Yes, but is it terrorism?

Homeland Security Watch has an article on the Occupy movement that asks if its followers can be classified as ‘economic terrorists’.

Some might think so, especially if their activities begin having a destabilizing effect on markets or market actors. The Geneva Center for Security Policydefines economic terrorism as, “varied, coordinated and sophisticated, or massive destabilizing actions [undertaken by transnational or non-state actors] to disrupt the economic stability of a state, groups of states, or society.”

Mark doesn’t think they are but notes that the definitions of terrorism are really quite broad and ends his post the the still true if cliched:  One man’s terrorist is another’s freedom fighter.

This seems to be essentially the same argument that animal rights protesters have been making for years now.  They are overwhelmingly non-violent (both in word and deed) yet they got their own terrorism bill passed through Congress.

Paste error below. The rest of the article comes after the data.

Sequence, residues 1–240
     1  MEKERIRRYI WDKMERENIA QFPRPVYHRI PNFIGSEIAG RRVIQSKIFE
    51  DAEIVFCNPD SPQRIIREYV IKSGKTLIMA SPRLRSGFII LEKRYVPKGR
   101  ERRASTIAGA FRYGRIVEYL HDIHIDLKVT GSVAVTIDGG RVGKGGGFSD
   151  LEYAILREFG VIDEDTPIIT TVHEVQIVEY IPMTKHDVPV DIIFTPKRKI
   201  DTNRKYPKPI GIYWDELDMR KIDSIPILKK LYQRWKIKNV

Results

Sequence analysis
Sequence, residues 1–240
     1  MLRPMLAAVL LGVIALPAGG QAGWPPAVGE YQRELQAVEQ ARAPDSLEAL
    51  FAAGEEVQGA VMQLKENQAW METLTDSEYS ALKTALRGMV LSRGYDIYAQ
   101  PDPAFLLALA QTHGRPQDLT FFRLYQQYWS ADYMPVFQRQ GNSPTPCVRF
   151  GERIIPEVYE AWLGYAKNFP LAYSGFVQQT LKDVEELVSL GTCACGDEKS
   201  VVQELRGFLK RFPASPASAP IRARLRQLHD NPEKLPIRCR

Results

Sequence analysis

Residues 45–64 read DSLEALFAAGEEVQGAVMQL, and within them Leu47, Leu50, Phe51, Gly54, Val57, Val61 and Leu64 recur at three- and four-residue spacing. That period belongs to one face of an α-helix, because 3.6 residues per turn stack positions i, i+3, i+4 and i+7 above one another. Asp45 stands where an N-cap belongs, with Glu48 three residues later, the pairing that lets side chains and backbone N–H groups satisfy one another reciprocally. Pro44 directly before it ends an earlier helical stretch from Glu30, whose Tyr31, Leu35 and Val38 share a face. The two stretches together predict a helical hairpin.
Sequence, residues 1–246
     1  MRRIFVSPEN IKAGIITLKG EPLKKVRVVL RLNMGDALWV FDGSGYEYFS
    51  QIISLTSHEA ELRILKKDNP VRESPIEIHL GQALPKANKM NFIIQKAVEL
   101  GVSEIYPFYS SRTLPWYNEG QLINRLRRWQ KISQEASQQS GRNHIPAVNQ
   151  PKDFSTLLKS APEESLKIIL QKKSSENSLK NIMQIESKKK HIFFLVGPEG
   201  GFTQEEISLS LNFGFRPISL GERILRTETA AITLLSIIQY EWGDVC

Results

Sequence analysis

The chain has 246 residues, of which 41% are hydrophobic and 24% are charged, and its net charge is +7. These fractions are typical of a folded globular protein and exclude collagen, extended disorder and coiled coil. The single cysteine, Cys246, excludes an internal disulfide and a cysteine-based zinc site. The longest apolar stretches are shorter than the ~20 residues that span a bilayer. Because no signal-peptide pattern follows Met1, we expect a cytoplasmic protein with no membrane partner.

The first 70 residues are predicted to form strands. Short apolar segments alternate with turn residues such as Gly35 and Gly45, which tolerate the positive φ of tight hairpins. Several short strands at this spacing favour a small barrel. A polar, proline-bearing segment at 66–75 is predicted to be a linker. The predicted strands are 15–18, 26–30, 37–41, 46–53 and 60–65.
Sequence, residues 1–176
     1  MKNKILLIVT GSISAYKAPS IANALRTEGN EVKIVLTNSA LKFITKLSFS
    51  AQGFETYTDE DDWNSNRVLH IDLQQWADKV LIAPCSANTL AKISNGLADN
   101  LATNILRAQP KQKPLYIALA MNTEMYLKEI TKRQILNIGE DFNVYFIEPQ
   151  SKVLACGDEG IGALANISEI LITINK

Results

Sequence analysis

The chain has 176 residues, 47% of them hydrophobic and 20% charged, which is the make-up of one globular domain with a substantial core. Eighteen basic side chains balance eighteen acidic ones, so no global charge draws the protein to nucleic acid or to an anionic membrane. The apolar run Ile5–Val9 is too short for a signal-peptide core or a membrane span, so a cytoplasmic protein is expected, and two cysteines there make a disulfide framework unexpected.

Since both the Occupy movement and the animal rights movement are non-centralized networks(?), affiliations (?), affinities (?) I’m just not sure I see a difference between the two in terms of evaluating them as threats.  After all, just as the animal rights ‘movement’ has extremist elements, so (one could say) does this.  Or the Tea Party.  At some point our desire to link similar things into neat categories breaks down and doesn’t work too well.  We end up with the risk of lumping a whole bunch of law abiding people with terrorists.  Madcap hilarity most definitely does NOT ensue.



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